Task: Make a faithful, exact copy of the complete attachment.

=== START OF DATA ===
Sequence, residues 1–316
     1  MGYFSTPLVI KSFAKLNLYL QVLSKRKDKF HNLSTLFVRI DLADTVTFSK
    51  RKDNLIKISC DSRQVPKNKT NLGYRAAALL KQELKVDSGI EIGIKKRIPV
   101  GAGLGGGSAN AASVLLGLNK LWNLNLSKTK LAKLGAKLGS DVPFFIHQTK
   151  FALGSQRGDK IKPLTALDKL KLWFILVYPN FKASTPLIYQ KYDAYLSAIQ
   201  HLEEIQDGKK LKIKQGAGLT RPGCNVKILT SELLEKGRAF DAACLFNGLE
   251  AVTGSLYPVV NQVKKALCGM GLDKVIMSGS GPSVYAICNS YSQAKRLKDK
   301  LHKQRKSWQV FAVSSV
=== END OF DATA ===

Sequence, residues 1–316
     1  MGYFSTPLVI KSFAKLNLYL QVLSKRKDKF HNLSTLFVRI DLADTVTFSK
    51  RKDNLIKISC DSRQVPKNKT NLGYRAAALL KQELKVDSGI EIGIKKRIPV
   101  GAGLGGGSAN AASVLLGLNK LWNLNLSKTK LAKLGAKLGS DVPFFIHQTK
   151  FALGSQRGDK IKPLTALDKL KLWFILVYPN FKASTPLIYQ KYDAYLSAIQ
   201  HLEEIQDGKK LKIKQGAGLT RPGCNVKILT SELLEKGRAF DAACLFNGLE
   251  AVTGSLYPVV NQVKKALCGM GLDKVIMSGS GPSVYAICNS YSQAKRLKDK
   301  LHKQRKSWQV FAVSSV